The Corporate Transparency Act (CTA) will require millions of U.S. businesses to provide beneficial ownership information to the federal government. Foley Hoag’s Luciano Racco weighs in on who’s impacted, along with the regulation’s value for AML and sanctions compliance programs.
Buried within the 1,400-page National Defense Authorization Act for Fiscal Year 2021 (the NDAA) – enacted on January 1, 2021 after Congress overrode President Trump’s veto – is a much more compact piece of legislation called the Corporate Transparency Act (CTA).
This brief but important law has been lauded as the most significant anti-money laundering reform in a generation. The CTA requires millions of businesses registered to operate in the U.S. to provide beneficial ownership information to the Department of the Treasury’s Financial Crimes and Enforcement Center (FinCEN). The stated goals of the legislation are to help set a clear, federal standard for entity incorporation; protect U.S. national security, as well as interstate and foreign commerce; enable law enforcement efforts to counter money laundering, terrorism financing and other illicit activity; and bring the United States into closer alignment with international standards concerning anti-money laundering and countering terrorism financing.
In practice, the Corporate Transparency Act’s biggest impacts will be on the (mostly) small businesses that will have to comply with the law’s reporting obligations, as well as on criminal enterprises that will likely choose to form or register in some other country. The task for policymakers is to minimize the impact on the former group while keeping the welcome mat in storage for the latter.
Who Must Report Under the Corporate Transparency Act?
The CTA requires a “reporting company” to submit beneficial ownership information along with information on each “applicant” for the reporting company to FinCEN. An entity qualifies as a “reporting company” if it is:
- “a corporation, limited liability company or other similar entity” created under the laws of a U.S. state (including commonwealths, territories or other U.S. possessions) or tribal territory; or
- a non-U.S. entity registered to do business under the laws of a U.S. state or tribal territory.
An “applicant” is defined as any individual who “files an application” to form or register an entity that qualifies as a reporting company.
However, the scope of the CTA’s reporting requirements is significantly narrowed by the exclusion of 23 categories of entities from the definition of “reporting company.” The legislation also grants the Treasury Department authority to exempt additional categories of entities. An entity that falls into one of the categories identified will not be required to submit beneficial ownership information to FinCEN. A simplified list of the 23 exclusions is below, with some of the more significant categories highlighted in bold. Companies should carefully review subparagraph (B) and the definition of “reporting company” for a complete list of requirements associated with each exclusion.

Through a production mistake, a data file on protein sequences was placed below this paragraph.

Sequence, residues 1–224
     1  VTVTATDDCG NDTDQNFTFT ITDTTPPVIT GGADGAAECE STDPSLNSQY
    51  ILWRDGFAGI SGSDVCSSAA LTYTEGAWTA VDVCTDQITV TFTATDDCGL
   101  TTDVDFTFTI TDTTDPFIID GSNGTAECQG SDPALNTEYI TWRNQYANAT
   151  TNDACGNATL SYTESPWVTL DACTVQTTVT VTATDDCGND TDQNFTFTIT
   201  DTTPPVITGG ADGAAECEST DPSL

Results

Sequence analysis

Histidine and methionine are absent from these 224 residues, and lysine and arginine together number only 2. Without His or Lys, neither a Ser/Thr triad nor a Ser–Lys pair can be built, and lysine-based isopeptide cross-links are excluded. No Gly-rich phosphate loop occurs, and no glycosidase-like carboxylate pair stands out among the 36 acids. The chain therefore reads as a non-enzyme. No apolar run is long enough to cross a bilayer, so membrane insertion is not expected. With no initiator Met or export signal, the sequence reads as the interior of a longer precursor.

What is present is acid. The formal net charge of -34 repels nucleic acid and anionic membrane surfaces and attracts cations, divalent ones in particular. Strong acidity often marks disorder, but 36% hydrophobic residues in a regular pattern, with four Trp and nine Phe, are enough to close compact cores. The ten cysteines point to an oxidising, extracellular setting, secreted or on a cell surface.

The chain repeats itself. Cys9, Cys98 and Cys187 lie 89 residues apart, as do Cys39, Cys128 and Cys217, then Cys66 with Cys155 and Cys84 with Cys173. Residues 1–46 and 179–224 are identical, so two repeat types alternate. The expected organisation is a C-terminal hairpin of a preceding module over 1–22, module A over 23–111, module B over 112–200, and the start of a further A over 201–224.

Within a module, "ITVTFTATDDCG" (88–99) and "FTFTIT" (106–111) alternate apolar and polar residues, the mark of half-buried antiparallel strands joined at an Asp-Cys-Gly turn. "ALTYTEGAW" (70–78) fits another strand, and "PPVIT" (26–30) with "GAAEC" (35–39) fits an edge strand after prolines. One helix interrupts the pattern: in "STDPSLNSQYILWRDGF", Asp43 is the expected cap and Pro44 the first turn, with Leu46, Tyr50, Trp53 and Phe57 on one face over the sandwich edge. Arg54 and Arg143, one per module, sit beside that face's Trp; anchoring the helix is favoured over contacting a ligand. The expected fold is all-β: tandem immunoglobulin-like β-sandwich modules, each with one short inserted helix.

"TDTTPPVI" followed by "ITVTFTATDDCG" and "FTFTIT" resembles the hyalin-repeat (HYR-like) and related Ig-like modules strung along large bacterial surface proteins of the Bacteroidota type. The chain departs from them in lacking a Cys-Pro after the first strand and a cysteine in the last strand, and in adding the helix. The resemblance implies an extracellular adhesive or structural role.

Entities Excluded from CTA Reporting Requirements
Financial Institutions and Other Entities with SEC Reporting Obligations
- Public companies
- Federal and state credit unions
- Bank holding companies
- Money transmitting businesses registered with FinCEN
- Brokers and dealers
- Exchange and clearing agencies
- Any other entity registered with the SEC under the Securities and Exchange Act of 1934
- Certain registered investment companies
- Investment advisers
- Certain entities registered under or covered by the Commodity Exchange Act
- Financial market utilities
- Certain pooled investment vehicles
Other Entities with Significant Public Oversight
- Government entities
- Insurance companies
- Insurance producers with a physical office in the U.S. and that are authorized by a state and subject to insurance commissioner supervision
- Public accounting firms
- Public utilities
- 501(c) nonprofits, 527 political organizations, trusts under paragraphs (1) and (2) of section 4947(a) of the Internal Revenue Code;
- Any entity that:
- employs more than 20 full-time employees in the U.S.,
- has a physical office in the U.S. and
- reported more than $5 million in gross receipts or sales on the previous year’s federal income tax return;
- Any subsidiary or other entity owned or controlled (directly or indirectly) by an entity exempt from reporting requirements (except those owned or controlled by money transmitting businesses; certain pooled investment vehicles; certain entities that operate exclusively to provide financial assistance/hold governance rights over a nonprofit, political organizations and certain trusts; and certain inactive businesses);